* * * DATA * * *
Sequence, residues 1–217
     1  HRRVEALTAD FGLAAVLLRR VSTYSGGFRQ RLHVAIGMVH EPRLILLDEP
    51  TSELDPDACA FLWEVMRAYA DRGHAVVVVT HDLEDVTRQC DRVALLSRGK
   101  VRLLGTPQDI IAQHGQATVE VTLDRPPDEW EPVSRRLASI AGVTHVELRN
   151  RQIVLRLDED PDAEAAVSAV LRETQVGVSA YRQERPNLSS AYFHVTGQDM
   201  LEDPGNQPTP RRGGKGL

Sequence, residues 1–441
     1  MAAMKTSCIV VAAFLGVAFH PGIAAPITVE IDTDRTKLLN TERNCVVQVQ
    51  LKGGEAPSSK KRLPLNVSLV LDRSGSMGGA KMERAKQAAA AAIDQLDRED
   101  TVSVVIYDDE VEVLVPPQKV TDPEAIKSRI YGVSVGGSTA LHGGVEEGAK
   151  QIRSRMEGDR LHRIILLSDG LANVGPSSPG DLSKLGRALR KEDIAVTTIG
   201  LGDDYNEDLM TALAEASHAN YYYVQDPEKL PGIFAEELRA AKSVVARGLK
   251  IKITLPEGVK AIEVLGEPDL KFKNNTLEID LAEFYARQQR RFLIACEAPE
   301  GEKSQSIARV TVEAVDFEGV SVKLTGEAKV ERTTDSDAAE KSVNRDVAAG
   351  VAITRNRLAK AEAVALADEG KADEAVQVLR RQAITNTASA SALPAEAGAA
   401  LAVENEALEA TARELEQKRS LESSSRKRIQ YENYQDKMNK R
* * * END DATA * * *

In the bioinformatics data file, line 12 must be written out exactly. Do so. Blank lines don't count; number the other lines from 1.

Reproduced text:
   201  LGDDYNEDLM TALAEASHAN YYYVQDPEKL PGIFAEELRA AKSVVARGLK